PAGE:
People take drugs in groups or individually, often completely unconscious, and unaware of the consequences. Overdoses and deaths follow one another, and cases of addiction are increasing rapidly. The health of many young people is at risk. Young people are left to fend for themselves, afraid to seek medical care, to consult or report to doctors for fear of being stigmatized. Not to mention the arbitrary raids carried out by the authorities, who, for “presumed” security reasons, get their hands on illegal substances found in the homes of drug users. In these cases, they end up stuck in prison and in legal trouble. In addition to this worrying situation, there is a lack of guidance, care, appropriate medical infrastructure, awareness campaigns and rehabilitation facilities. Thousands of young drug users find themselves dragged into an addiction nightmare, lived in silence. The taboo nature of the situation remains overwhelming.

Efficiency on the spot

“In the name of Bedayaa and in response the urgency of the situation, we mobilized with the aim of raising awareness among drug users by taking action on the spot.” Explains Salma while pinning the classic ways of doing this, such as calling on well-known personalities or influencers or by carrying out ordinary and ultimately irrelevant campaigns, often carrying cliché messages. Civil society in Egypt sometimes uses ordinary means to raise awareness, using speeches that perpetuate clichés and harm fragile social groups via media and social networks.

And “taking action on the spot” means getting closer to the organizers of events, often techno or “Rave”, and helping partygoers on site; which remains an efficient way to be always on the lookout and attentive to substance users. Advice, stalls, and information points are sprouting up, attracting people, and helping them avoid the dangers of these drugs and their effects, thus avoiding overdoses and other serious incidents. “Our target remains the Queer community but as our actions are also visible online, many felt concerned by this.” Specifies Salma El Masri. Currently, psychologists, psychiatrists, addictologists, and lawyers are also mobilized. A handbook and awareness-raising guides are now available. This robust teamwork helped reduce the stigma that this target population may endure.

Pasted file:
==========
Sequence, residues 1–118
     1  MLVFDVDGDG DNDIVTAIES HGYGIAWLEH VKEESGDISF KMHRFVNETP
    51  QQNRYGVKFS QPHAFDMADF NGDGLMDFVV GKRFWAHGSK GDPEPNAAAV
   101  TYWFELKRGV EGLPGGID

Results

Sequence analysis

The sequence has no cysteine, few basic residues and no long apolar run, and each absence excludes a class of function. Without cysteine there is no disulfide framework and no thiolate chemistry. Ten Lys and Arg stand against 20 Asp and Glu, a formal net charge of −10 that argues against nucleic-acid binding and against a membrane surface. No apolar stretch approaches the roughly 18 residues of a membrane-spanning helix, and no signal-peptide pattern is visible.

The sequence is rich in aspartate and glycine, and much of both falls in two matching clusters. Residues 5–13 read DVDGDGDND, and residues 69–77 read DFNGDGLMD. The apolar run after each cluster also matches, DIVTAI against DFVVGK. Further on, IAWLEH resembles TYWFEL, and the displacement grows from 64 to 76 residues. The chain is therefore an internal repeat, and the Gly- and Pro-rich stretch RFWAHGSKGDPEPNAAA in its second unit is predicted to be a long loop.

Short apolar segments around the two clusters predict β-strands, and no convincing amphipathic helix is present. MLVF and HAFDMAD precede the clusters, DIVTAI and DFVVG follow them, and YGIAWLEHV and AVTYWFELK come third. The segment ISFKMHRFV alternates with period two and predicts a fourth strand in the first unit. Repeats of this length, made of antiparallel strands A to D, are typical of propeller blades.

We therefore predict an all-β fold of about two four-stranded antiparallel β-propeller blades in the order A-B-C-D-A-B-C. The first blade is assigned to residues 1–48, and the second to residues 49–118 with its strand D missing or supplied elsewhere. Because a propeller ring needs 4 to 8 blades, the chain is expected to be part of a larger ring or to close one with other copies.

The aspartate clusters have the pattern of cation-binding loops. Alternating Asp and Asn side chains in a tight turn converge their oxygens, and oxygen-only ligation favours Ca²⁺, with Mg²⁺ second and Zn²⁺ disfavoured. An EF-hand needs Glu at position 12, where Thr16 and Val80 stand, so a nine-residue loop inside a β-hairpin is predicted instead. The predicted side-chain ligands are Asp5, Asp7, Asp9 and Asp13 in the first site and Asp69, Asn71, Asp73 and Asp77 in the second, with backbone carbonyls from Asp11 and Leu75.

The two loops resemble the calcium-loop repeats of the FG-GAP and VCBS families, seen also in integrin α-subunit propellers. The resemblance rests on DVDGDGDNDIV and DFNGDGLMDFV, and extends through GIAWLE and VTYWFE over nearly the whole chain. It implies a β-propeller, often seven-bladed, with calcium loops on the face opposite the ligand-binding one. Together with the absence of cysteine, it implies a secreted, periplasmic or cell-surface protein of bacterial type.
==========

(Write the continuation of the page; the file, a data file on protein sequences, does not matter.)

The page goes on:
“The Queer community is exposed to the use of drugs in order to stimulate the senses, to feel good for a period of time. To guarantee a pleasant but undoubtedly ephemeral escape. Some consumers take them occasionally. But Queer people are the most tempted by nightlife and the party scene. Salma points out that most people already unconsciously live with other addictions such as coffee and cigarettes and that humans are indisputably always torn between moderation and excess. “And what we need to avoid is precisely these excesses in everything. It’s only possible to carry out this militant work by monitoring the frequency of intake and providing access to information”. Says Salma.

A census in figures is always carried out by Bedayaa. Not all of the queer community is affected. Many consumers are targeted. A figure that is constantly being adjusted upwards. Some rehabilitation centers manage to attract a few cases, but not enough or not sufficiently. Frivolous care is provided… often in vain, as patients end up leaving and coming back… And a vicious circle is set in motion among drug users from the queer community in Egypt. The actions of Bedayaa organization have succeeded in anticipating a few drifts and serious situations. “Because if you’re determined to consume, you might as well do it safely”. Underlines Salma El Masri.

Bedayaa’s goal is to extend this project to the regional level, namely by contacting “Mawjoudin – We Exist” or other existing organizations in neighboring countries. “This necessary work is not being done enough in the Arab world and we must act across borders, by establishing a structured plan.” Concluded Salma based on interactions with people, both virtual and real-life. A regional Queer community is in need. Assistance is needed, despite the difficulties linked to the socio-political and security contexts in several countries of the MENA region.